Beneficiaries' children could be looked after by babysitting clubs if planned welfare reforms go ahead, Opposition MPs say.
The Government recently unveiled changes to the welfare system which would mean solo parents on the domestic purposes, widows and women alone benefits would have to look for part-time work when their youngest child is 5 years old and fulltime work when that child is 14.
Those who have an additional child while already on a benefit would have to look for work after 12 months.
A Cabinet paper by Social Development Minister Paula Bennett shows the Government is considering how it can help beneficiaries organise the care of their children while they are at work.
Options include improving the timing and location of the before and after-school Oscar (out-of-school care and recreation) programme.
"I propose refocusing the Oscar funding system in order to target specific locations and settings to fill these service gaps," Ms Bennett said.
That included areas where low-income parents needed affordable out-of-school care to allow them to work.
"We will consider home-based care, or babysitting networks, which are more responsive for care outside standard hours and are able to cater for smaller groups of children."
Ms Bennett said formal early childcare education was not always the best way for children to be looked after.
"I agree that we need more childcare centres in the right place so that we are particularly giving access to those that don't have it now." In some smaller communities, centres were not viable, she said.
"We just constantly have this, that only fully qualified people can look after children and it's not the reality of what happens for families on a day-to-day basis.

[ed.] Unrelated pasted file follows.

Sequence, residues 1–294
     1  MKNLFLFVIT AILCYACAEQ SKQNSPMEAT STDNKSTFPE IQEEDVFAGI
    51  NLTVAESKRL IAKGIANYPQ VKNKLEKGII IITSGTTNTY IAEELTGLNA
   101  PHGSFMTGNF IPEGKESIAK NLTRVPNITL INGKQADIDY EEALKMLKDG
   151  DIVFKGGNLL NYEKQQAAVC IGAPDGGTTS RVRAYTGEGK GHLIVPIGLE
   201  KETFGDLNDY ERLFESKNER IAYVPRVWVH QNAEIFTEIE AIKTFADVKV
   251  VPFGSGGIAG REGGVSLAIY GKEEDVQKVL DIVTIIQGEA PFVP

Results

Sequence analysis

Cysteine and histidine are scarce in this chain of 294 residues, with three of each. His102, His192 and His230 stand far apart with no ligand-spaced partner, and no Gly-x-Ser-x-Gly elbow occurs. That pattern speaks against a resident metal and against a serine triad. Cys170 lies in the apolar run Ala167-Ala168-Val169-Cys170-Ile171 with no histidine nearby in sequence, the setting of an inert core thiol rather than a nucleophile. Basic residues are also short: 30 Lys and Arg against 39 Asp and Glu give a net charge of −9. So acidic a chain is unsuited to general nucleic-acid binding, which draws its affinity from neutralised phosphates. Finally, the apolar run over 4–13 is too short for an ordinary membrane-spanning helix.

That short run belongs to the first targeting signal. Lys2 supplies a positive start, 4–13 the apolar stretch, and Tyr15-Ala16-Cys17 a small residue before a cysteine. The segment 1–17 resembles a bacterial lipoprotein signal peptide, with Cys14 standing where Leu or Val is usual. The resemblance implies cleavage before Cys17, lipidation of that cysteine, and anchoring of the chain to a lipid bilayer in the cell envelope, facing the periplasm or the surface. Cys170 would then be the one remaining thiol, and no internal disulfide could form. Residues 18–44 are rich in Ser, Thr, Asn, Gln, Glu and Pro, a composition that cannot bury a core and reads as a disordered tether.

"Parents aren't always fully qualified, neither are grandparents."
The Government was still grappling with how it could help fund more informal childcare, Ms Bennett said.
Labour social development spokeswoman Jacinda Ardern said unqualified, unvetted babysitters were not the answer and not in the best interests of the children.
"The minister who would have us believe she wants to wrap support around these parents appears not to have thought through the process at all, given Cabinet papers which float the idea of babysitting clubs."
Fellow Labour MP Sue Moroney was also concerned, particularly after last year's funding cuts to early childhood education centres employing the most qualified staff, she said.
Changes to the Oscar programme will be put before Cabinet in December with implementation expected in July next year.
Changes to work obligations will affect an estimated:
6300 solo parents and 700 partners whose youngest child is 5 years old; 11,300 solo parents and 2100 partners whose youngest child is 14;
700 widows whose youngest child is older than 5 and younger than 13;
8800 widows and women alone whose youngest child is 14 or older.
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